Lengthy Road Notices

April 30, 2006 at 11:15 p04 (Random Observations)

While I was visiting relatives in Malaysia over the weekend, I noticed there were a lot of road notices worded in lengthy Bahasa Melayu. I wonder why there is a need for such lengthy notice if there is equivalent Highway Code that conveys the same message. It is not only taking away drivers' precious attention time, it is also wasting tax payers' money. Furthermore, Malaysia, sandwiched between Thailand and Singapore, has its fair share of daily cross-border drivers who would not be able to read these notices. If the Tourism Board can to tell the world it is "Truly Asia" in English, I don't understand why it can't adopt the same spirit in its road signs. Driving visitors are tourists too, you know. They bring in revenue by paying for goods and services during their stay here.Notices like…

Lebuhraya sedang di naik-taraf, sila pandu dengan berhati-hati (Upgrading work in progress, please drive with caution)

Kawasan zon sekolah sila kurangkan laju (School zone area, please reduce speed)

…are totally unnecessary and can be replaced with International Highway Code signs like

"MEN AT WORK" and

"SCHOOL ZONE".

i saw this sign "Banji lalulintas sedang dijalankan, sila pandu dengan perlahan" (Traffic census is being conducted, please drive slowly) between Taiping and Gerik. I scratched my head over this. Isn't it peculiar to ask drivers to slow down for traffic count when you wanted to obtain actual traffic flow data for planning and design purposes?

Maybe this is the tip of an iceberg of what could be…. ahem… this is entirely burung pipit's wild "conspiracy theory"

Malaysia is conducting a feasibility study to tax all cross-border drivers. What bettter way to start than by counting the number of foreign-plate cars in Malaysia to establish a cost-benefit study of such a move. To be counted, you need to slow down enough for counter to read your license plate. This may explain why drivers need to slow down in a traffic census.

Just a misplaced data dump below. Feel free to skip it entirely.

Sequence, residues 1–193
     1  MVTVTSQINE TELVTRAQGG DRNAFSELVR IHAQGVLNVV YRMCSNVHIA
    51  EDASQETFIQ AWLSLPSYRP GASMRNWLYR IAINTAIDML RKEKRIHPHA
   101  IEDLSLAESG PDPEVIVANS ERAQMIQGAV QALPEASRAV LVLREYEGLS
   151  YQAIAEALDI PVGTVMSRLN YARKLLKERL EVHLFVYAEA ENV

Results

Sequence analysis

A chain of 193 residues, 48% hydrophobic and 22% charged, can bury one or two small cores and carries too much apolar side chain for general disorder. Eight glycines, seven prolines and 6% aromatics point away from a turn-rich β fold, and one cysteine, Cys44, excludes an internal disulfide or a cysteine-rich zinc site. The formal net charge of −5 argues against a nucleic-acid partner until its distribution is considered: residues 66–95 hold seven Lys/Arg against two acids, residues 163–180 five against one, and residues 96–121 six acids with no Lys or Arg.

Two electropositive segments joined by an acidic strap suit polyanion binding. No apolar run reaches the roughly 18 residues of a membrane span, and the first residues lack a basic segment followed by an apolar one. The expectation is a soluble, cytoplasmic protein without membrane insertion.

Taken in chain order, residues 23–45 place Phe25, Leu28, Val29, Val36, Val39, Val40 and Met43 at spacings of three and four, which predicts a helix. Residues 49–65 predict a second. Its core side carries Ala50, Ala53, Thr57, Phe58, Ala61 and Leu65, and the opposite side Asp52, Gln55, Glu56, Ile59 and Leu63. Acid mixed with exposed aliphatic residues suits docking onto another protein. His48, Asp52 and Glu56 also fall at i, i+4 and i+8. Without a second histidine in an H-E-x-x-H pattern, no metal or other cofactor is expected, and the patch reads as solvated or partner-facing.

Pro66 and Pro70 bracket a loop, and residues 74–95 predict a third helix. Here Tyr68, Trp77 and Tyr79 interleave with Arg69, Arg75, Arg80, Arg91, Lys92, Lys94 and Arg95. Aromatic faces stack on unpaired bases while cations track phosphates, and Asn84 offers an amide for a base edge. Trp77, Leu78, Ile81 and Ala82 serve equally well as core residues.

Malaysia government wants to certify all cross-border drivers to ensure familiarization with common Malay used in their highways and roads. Something like the undang undang (Highway Code) test drivers took before getting their "L" licenses in Malaysia.

…to ensure all kopi license drivers understand the hazard in front of them as these small and dwindling (I Presume?) group of drivers may not be too familiar with the Highway Code. Pak Lah's way of a more compassionate government?

Whatever it is, lenghty road notices are here to stay. For non-Malay readers, it is time to pick up a bi-lingual guide to Highway Code in Malaysia. One tip here…the ubiquituous blue colour "Jalan Sehala" is not the most common jalan (road) in Malaysia, it is the sign for "One-Way Street".

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14 Comments

  1. fantasyflier said,

    *driving along, sees malay wordy sign, takes out malay dictionary, malay thesaurus, common phrases in malay book*
    eeeksss
    *sound of screetching brakes, narrowly misses census takers*
    *looks in rear view mirror, sees census taker has wet and browned pants*
    continues journey

  2. See Fei said,